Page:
It was 28-28 with almost no time left in the fourth quarter. Brett Favre was driving the Minnesota Vikings down the field, closing in on a winning field goal, when the New Orleans Saints made a key interception.

But to win the NFC title and punch their ticket to Super Bowl XLIV in Miami, the Saints would need another hero.

That January night nine years ago, Garrett Hartley was that hero, nailing a game-clinching field goal in overtime that eventually sent New Orleans on to its first major sports championship.

Sometimes, delivering in such a crucial moment leads to a lengthy, lucrative career. Think kickers Adam Vinatieri or Jason Elam, who have both helped teams win Super Bowls with clutch performances.

Other times, the hero kicker captures a brief moment of glory, only to have a small, inexplicable rise in misses bring their career to a quick end.

That's what happened to Hartley.

Within a few seasons, he lost his spot with the Saints — his last full-time NFL job. Soon afterward, his newborn daughter died, and her mother nearly died as well.

He later needed neck surgery to avoid paralysis, but he has since settled into a job in medical sales.

As the Saints make their return to the NFC title game Sunday, Hartley, now 32, said he knows things could be worse.

Still, for someone to reach the heights he has can be dizzying. And if it weren’t for two friends he made along the way, it might have been too much.

“Just like anyone else, there’s things you would like to change,” said Hartley, who plans to be there when his former team clashes with the Los Angeles Rams on Sunday.

“But at the same time, I wouldn’t be the person I am today if I hadn’t gone through the highest of the highs and the lowest of the lows. Being knocked down and being able to stand up to face yourself in the mirror is the most important thing.”

Short in stature but taut in physique, the blue-eyed Texas native first made a name for himself in high school, setting a state record for extra points made. He played his college ball at Oklahoma University before entering the NFL as an undrafted free agent in 2008, when the Saints signed him midyear to replace a struggling kicker.

He made all of his 13 field goals as a rookie, but in 2009 he was sidelined for most of the Saints’ historic campaign, in part because he was suspended for using the banned stimulant Adderall.

Veteran John Carney, then 45, handled the Saints’ kicking duties for the first 11 games. But Hartley, then 23, came in for the rest of the season, the Saints favoring his stronger leg over Carney’s experience.

The Saints kept Carney around to help Hartley — a decision, Hartley says, that proved pivotal late in the fourth quarter of the NFC title game at the Superdome.


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'Down to you'

The night before the big game, Hartley remembers a dream that shook him from his sleep: a football field, the ball near the 40-yard line; Hartley kicks and it sails through the uprights.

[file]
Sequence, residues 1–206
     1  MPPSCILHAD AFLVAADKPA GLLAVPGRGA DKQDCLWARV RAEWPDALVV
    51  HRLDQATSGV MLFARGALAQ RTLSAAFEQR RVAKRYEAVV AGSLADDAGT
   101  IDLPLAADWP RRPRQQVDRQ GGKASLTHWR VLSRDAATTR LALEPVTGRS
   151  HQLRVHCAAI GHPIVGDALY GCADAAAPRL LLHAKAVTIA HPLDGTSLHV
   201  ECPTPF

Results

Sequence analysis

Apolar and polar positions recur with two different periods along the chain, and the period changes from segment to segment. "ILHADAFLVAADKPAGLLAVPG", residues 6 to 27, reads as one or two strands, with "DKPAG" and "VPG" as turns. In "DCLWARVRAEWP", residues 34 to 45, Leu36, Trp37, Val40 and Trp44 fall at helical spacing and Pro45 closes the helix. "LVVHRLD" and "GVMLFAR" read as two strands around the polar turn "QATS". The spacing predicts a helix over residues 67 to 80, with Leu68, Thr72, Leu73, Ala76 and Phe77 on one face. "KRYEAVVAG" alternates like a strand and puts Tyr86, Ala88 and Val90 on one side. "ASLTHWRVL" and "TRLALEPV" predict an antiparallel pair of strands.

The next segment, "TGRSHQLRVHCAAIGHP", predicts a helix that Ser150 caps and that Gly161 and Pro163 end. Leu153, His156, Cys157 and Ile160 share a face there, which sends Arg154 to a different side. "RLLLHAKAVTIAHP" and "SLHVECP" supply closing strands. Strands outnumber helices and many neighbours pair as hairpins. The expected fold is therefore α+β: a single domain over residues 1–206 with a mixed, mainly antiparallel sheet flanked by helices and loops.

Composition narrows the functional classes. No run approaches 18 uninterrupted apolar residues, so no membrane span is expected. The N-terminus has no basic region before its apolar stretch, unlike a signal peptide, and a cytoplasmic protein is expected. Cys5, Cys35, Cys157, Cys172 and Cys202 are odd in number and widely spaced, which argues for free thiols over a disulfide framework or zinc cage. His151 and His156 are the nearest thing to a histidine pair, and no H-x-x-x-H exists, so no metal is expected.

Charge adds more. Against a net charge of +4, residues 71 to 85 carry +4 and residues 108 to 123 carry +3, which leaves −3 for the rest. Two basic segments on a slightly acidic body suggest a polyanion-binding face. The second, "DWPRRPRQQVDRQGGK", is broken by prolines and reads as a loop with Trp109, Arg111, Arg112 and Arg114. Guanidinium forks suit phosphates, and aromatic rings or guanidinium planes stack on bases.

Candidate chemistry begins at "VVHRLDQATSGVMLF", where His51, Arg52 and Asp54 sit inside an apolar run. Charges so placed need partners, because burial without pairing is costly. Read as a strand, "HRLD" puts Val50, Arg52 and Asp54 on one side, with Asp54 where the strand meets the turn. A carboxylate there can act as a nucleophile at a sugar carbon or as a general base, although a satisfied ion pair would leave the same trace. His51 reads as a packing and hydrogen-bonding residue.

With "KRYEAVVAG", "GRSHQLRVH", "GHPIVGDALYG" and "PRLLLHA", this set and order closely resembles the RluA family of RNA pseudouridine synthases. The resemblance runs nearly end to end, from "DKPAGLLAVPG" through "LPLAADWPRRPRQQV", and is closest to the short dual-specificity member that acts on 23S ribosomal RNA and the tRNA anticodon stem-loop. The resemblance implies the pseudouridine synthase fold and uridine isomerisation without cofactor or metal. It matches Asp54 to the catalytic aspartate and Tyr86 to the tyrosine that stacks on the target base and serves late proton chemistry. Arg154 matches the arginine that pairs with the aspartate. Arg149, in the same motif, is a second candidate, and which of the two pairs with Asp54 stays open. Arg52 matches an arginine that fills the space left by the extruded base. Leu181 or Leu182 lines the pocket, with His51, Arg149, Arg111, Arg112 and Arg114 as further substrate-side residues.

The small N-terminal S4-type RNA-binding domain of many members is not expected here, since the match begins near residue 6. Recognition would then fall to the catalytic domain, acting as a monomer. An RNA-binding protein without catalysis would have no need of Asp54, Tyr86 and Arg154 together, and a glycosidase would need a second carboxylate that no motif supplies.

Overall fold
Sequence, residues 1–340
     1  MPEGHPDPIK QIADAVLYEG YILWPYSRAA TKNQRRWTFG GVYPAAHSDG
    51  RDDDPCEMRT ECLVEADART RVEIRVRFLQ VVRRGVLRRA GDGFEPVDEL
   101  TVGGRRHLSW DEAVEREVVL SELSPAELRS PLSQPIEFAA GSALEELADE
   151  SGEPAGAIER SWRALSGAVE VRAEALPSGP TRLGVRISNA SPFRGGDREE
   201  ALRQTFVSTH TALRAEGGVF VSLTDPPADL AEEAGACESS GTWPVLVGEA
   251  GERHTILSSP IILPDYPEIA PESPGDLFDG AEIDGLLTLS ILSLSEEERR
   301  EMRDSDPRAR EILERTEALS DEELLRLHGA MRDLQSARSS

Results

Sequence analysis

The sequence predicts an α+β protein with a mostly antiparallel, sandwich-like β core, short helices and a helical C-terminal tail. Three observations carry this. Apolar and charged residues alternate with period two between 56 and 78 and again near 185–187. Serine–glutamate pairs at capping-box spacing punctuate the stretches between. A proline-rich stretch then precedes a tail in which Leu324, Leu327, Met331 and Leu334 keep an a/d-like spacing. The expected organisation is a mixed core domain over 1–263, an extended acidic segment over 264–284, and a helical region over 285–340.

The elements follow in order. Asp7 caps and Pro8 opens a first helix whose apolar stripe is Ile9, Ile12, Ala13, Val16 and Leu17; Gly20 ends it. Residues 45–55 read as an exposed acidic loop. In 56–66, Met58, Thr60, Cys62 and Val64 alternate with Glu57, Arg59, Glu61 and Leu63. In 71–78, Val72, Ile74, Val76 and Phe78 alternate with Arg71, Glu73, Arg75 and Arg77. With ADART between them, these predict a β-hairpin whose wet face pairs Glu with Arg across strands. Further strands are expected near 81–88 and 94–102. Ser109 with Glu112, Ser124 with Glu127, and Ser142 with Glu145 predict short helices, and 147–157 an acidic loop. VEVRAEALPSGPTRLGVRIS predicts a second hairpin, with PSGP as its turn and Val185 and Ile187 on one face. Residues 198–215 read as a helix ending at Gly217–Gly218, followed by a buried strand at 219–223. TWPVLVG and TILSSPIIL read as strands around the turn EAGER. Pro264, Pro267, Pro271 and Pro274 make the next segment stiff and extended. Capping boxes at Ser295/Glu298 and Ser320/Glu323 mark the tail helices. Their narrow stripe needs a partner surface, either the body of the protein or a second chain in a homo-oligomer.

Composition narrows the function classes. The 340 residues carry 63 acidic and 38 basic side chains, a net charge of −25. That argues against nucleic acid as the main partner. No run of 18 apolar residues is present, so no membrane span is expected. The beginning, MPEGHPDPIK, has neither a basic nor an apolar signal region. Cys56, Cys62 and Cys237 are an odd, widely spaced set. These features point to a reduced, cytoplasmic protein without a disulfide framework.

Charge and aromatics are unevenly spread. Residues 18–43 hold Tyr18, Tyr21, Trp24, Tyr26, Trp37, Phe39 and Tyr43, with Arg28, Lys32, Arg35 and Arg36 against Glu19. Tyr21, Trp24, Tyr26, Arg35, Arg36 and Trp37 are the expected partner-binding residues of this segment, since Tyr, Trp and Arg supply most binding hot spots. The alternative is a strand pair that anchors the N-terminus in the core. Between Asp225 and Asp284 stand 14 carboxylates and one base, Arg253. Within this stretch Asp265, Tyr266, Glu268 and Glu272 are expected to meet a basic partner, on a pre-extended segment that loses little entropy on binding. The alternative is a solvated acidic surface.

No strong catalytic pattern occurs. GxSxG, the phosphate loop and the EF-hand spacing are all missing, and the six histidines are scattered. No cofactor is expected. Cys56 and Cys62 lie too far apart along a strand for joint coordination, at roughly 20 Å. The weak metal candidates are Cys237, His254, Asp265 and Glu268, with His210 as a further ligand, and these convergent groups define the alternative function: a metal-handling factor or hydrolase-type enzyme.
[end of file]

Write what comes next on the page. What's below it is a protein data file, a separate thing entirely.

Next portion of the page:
He called his father and told him about his vision before he could doze off again.

Yet, as regulation time ended and Minnesota was almost within Vikings kicker Ryan Longwell’s range, his dream didn't appear prophetic.

On the sideline, Carney noticed Hartley was watching the action. The mentor approached, told Hartley to grab his helmet, and had him start kicking into the practice net.

“It’s going to come down to Longwell or you,” Carney recalled telling Hartley. “We need to prepare for that.”

Carney then flooded Hartley with pointers about technique and tempo. He didn’t want him thinking about what was on the line: ending more than four decades of misery for the Saints, whose city had been destroyed by Hurricane Katrina less than five years earlier.

Carney was right, of course. Tracy Porter intercepted Favre — and in sudden-death overtime, the Saints set Hartley up for a try on the right hash mark from 40 yards out.

Hartley had never heard the Superdome quieter than when he lined up and drove his foot through the ball. Many believe it’s never been louder than when the ball glided through the uprights.

Two weeks later, against the Indianapolis Colts, Hartley became the first player to kick three field goals of 40 yards or more in the league’s championship game, and New Orleans, at last, "partied with the Lombardi."

After that, Hartley was a hero. Strangers would approach, reveal themselves as Who Dats and recount how he had made them, their spouses, or their children weep with joy.

‘The past’

One of those eternally grateful Who Dats was Josh Galt, and little did he know he would one day speak words to Hartley that became as meaningful as Carney’s.

Galt’s wife Ashton met Hartley, an avid outsdoorsman, when they were both roaming Puglia’s sporting goods store in Metairie.

Ashton Galt found out that Hartley knew few locals who hunted or fished at his level. So she put him in touch with Josh in case he ever wanted company.

The pair became fast friends and ended up becoming neighbors in a subdivision in Belle Chasse. Hartley was there when Galt's mother died a few years later, taking the day off from practice so he could be at his friend's side for the funeral. Galt would soon be there for Hartley.